Reginald D Hunter

Is it okay to use 'the N word' in Belfast? David McLaughlin finds out

Perhaps it's the recent swarm of controversy surrounding his use of 'the N word' on his tour Pride & Prejudice & Niggas, or his ever-increasing presence as a panellist on household TV favourites such as Have I Got News For You and Never Mind The Buzzcocks.

Either way, Reginald D Hunter has packed the punters in tonight.

Contending for our approval first is cutesy Geordie-lass Sarah Milligan. Looking like butter wouldn’t melt, she tamely takes to the makeshift stage in flowery frock and NHS specs, immediately disarming the audience of all preconceptions.

Her timid voice vies for attention among the chattering din but within the first few punchlines you’re left in no doubt that this kitten’s got sharp teeth.

Working the 'neurotic divorcee with issues' angle, her gutter-mouth takes us on a not always comfortable poor-taste trek that encompasses alleged paedophile dads and nudge-wink bestiality.

It’s met with a sympathetic, boorish reception. When she dubiously reveals 'if I ever get raped, I’m gonna try and enjoy it', she’s treated to belly laughs aplenty.

The Lisa Loeb-alike potty-mouth schtick wears thin fast though, and when it’s over you’re left with the unerring suspicion that her brand of toilet humour simply stinks.

Milligan proves a perfect primer and foil for the close-to-the-bone approach of Reginald D Hunter.

Riffing on everything from religion to racism, his laid-back cool, amiable demeanour and genuinely funny tales make him a much more entertaining prospect.

Addressing the controversy over his use of the term ‘nigga’, it’s almost as if Richard Pryor never happened.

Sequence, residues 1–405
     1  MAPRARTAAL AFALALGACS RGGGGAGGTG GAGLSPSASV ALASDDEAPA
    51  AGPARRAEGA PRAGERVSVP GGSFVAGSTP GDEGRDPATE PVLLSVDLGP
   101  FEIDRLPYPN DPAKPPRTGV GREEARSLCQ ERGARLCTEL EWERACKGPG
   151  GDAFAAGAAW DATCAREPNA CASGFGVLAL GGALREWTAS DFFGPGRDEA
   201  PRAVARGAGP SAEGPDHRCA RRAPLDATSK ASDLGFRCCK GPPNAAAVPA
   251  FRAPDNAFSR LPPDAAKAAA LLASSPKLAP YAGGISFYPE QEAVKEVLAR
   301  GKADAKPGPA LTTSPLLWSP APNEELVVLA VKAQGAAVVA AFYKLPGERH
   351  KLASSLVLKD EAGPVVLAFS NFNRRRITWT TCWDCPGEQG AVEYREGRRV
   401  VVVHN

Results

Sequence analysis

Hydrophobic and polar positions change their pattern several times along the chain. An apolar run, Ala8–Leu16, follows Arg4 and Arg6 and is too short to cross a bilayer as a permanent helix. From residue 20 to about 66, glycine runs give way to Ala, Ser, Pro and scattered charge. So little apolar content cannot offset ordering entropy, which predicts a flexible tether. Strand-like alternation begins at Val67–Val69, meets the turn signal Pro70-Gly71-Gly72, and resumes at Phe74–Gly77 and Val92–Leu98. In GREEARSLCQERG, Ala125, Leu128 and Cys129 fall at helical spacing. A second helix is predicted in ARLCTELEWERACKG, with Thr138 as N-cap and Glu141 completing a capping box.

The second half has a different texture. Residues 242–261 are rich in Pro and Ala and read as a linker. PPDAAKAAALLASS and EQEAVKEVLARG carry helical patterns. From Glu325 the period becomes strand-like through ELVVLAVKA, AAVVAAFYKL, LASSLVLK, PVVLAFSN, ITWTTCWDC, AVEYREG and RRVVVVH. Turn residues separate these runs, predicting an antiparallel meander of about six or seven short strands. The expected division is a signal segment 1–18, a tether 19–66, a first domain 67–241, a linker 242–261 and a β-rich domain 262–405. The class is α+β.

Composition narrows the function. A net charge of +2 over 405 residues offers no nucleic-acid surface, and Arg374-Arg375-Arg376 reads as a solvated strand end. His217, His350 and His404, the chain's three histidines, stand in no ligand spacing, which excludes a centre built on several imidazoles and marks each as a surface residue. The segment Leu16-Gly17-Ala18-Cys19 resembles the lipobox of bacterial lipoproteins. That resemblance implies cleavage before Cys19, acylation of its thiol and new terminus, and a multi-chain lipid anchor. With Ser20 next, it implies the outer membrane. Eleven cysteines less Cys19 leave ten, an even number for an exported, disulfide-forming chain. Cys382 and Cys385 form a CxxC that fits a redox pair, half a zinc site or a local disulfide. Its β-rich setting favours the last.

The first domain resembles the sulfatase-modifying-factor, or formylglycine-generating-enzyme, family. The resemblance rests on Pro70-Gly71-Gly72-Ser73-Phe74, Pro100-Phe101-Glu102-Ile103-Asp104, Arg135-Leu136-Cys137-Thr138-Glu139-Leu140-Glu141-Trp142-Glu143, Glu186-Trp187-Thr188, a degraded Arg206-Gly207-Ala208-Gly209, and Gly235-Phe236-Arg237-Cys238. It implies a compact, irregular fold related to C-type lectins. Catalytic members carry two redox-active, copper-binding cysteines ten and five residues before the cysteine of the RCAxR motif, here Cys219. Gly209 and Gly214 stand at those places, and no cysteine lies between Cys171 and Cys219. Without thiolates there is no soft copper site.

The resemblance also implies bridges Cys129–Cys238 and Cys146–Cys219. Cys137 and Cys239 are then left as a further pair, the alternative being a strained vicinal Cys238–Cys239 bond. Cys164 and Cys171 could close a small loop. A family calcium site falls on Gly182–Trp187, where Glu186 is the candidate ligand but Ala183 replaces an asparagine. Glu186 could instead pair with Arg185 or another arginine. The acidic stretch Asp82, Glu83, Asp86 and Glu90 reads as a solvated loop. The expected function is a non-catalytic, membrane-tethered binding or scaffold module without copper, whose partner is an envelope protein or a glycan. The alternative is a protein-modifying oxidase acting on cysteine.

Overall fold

Even Chris Rock got away with more divisive material in the late 90s, but then, they weren’t playing to predominantly white, middle class British audiences.

The major criticism of Hunter’s stand-up is that he relies too heavily on black stereotypes. However, that doesn’t appear to be the case on this evidence.

If anything, Hunter is wholly himself on stage - charming, goofy, irreverent, refreshingly original, and as such, manages to challenge the very ‘types’ he’s purportedly reliant on.

What’s more, everything is done with a smile and a frank, everyman approach that says he doesn’t take himself too seriously.

If you’re of a particularly sensitive disposition or are easily offended, his routines won’t be your cup of brown water, as one unlucky lady at the front finds out to her embarrassment when Hunter asks for the house lights to be brought up to check, by way of a show of hands, how many people have examined their own anus.

On paper it might sound juvenile, but against the odds his reactions, delivery and observational astuteness, even on the most silly of subjects, make Pride & Prejudice & Niggas roadshow well worth your attention.